If you have trouble remembering to take your Roximycin, ask your pharmacist for some hints.
If you take too much Roximycin (overdose)
Immediately telephone your doctor, or the Poisons Informat
ion Centre (telephone 13 11 26), or go to Accident and Emergency at the nearest hospital, if you think you or anyone else may have taken too much Roximycin. Do this even if there are no signs of discomfort or poisoning. You may need urgent medical attention.
While you are taking Roximycin
Things you must do
Before starting any new medicine, tell your doctor or pharmacist that you are taking Roximycin.
Tell all the doctors, dentists and pharmacists who are treating you that you are taking Roximycin.
If you become pregnant while taking Roximycin, tell your doctor immediately.
If you plan to have surgery, including dental surgery, tell your doctor or dentist that you are taking Roximycin.
If the symptoms of your infection do not improve within a few days, or if they become worse, tell your doctor.
If you get severe diarrhoea, tell your doctor immediately. Do this even if it occurs several weeks after Roximycin has been stopped. Diarrhoea may mean that you have a serious condition affecting your bowel. You may need urgent medical care.
Do not take any anti-diarrhoea medicine without first checking with your doctor.
If you get a sore, white mouth or tongue while taking, or soon after stopping Roximycin, tell your doctor. Also tell your doctor if you get vaginal itching or discharge. This may mean you have a fungal infection called thrush. Sometimes, the use of Roximycin allows fungi/yeast to grow and the above symptoms to occur. Roximycin does not work against fungi/yeast.
Visit your doctor regularly so they can check on your progress.
Things you must not do
Do not stop taking Roximycin, or lower the dose, without checking with your doctor. If you do not complete the full course prescribed by your doctor, all the bacteria causing your infection may not be killed. These bacteria may continue to grow and multiply so that your infection may not clear completely or may return.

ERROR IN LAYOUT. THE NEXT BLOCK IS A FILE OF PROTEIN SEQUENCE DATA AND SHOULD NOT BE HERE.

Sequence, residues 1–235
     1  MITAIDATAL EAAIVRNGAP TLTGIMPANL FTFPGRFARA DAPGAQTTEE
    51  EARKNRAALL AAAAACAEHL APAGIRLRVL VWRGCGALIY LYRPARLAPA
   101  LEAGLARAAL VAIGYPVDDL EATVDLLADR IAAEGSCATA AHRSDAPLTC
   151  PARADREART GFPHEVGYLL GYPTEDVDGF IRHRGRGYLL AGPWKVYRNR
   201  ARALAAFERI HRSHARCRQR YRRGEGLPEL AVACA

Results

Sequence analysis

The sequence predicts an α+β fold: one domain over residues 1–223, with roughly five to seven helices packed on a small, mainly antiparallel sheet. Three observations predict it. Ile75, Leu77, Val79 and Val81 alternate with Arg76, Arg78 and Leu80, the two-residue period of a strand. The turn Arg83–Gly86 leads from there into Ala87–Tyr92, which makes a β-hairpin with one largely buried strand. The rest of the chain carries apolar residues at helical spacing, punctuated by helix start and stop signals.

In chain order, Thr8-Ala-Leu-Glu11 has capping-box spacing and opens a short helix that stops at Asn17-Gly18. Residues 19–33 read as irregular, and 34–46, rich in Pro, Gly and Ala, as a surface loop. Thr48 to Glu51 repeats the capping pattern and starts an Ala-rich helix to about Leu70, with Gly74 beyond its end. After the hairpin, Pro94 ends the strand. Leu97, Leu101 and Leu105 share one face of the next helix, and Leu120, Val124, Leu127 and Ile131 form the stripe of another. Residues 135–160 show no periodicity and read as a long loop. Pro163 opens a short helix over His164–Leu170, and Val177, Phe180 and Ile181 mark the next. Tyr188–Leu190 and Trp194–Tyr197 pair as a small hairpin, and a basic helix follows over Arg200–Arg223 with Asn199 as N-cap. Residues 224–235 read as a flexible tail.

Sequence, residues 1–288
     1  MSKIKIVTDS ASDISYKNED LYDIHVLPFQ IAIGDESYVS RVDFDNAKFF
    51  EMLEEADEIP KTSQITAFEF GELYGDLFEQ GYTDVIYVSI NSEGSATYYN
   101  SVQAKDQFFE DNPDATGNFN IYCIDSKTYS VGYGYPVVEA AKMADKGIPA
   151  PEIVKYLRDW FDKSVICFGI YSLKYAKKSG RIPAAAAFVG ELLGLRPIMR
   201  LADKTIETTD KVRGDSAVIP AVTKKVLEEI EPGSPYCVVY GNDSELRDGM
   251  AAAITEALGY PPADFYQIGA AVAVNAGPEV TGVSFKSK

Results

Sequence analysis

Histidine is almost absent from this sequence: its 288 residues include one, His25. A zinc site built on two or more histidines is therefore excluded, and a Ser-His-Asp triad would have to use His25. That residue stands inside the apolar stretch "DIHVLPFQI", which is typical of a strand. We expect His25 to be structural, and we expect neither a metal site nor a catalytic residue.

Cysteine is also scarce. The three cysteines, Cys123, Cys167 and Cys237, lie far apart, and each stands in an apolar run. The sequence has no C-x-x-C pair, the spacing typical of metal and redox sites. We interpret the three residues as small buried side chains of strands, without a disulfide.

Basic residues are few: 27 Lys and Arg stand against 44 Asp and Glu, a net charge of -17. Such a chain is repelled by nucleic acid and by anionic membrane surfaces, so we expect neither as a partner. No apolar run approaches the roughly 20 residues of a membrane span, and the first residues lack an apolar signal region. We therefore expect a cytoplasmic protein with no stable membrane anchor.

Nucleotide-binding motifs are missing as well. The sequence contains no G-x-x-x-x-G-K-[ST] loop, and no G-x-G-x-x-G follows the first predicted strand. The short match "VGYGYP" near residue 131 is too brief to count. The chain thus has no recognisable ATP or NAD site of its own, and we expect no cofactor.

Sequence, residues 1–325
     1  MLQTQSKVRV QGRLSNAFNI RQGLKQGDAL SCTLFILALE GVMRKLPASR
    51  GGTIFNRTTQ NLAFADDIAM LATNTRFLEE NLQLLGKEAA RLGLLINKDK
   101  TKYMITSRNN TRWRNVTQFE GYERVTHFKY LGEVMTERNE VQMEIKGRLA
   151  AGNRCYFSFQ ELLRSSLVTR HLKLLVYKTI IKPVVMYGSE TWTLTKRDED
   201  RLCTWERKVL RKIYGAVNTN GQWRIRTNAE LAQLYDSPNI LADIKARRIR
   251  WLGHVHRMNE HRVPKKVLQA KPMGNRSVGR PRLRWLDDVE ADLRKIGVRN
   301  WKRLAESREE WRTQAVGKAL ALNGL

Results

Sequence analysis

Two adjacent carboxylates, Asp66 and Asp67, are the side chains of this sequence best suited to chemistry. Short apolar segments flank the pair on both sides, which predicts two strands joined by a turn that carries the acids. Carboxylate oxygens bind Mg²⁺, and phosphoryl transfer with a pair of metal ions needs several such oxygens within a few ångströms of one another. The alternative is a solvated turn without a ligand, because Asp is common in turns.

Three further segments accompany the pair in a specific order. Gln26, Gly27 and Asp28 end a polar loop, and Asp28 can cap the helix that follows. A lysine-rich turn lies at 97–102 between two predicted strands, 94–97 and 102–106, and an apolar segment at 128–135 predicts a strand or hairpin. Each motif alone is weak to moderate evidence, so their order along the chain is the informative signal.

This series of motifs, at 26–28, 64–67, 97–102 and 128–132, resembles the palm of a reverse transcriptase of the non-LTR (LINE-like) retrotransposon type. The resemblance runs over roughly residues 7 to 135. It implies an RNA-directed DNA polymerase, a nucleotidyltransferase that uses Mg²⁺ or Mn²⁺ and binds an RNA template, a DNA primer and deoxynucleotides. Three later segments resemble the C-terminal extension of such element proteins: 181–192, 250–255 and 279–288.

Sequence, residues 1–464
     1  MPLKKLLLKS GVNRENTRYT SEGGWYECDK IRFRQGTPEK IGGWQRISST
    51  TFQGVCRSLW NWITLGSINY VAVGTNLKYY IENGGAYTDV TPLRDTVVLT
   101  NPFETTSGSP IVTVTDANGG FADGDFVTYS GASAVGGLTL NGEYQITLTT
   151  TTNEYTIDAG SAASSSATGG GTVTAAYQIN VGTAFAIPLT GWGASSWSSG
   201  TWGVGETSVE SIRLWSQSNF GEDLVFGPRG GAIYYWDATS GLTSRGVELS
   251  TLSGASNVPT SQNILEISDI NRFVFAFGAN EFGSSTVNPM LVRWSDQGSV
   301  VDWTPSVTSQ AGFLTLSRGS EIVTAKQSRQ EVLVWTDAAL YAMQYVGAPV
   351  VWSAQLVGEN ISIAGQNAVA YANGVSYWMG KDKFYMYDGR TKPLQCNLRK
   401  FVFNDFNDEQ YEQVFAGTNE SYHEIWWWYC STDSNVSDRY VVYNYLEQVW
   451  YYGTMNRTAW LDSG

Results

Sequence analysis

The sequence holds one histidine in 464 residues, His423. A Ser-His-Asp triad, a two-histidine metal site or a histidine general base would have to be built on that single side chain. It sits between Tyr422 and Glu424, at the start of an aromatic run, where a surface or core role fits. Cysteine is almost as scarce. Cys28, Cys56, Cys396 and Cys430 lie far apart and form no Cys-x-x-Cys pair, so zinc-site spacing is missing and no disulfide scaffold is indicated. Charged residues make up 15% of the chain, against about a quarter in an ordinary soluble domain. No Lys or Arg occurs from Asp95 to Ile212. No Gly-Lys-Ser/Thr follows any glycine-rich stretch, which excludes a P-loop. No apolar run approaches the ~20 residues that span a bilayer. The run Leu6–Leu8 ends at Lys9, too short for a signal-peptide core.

Do not use Roximycin to treat any other conditions unless your doctor tells you to.
Do not give Roximycin to anyone else, even if they have the same condition as you.
Things to be careful of
Be careful driving or operating machinery until you know how Roximycin affects you. This medicine may cause dizziness in some people. If you experience any dizziness, do not drive, operate machinery or do anything else that could be dangerous.
Tell your doctor or pharmacist as soon as possible if you do not feel well while you are taking Roximycin. Roximycin is generally well tolerated, however, it may have unwanted side effects in some people. Sometimes they are serious, most of the time they are not. You may need medical treatment if you get some of the side effects.
Do not be alarmed by this list of possible side effects. You may not experience any of them.
See your doctor immediately or go to casualty at your nearest hospital if you notice any of the following:
- signs of an allergic reaction, eg. swelling of the face, lips, mouth and tongue; difficulty breathing or asthma; itchy skin, rash.
This type of allergy is very serious and requires urgent medical attention.
Tell your doctor if you notice any of the following and they worry you:
- oral thrush – white, furry, sore tongue and mouth
- vaginal thrush – sore and itchy vagina and/or discharge
- nausea, vomiting, stomach pain, diarrhoea, flatulence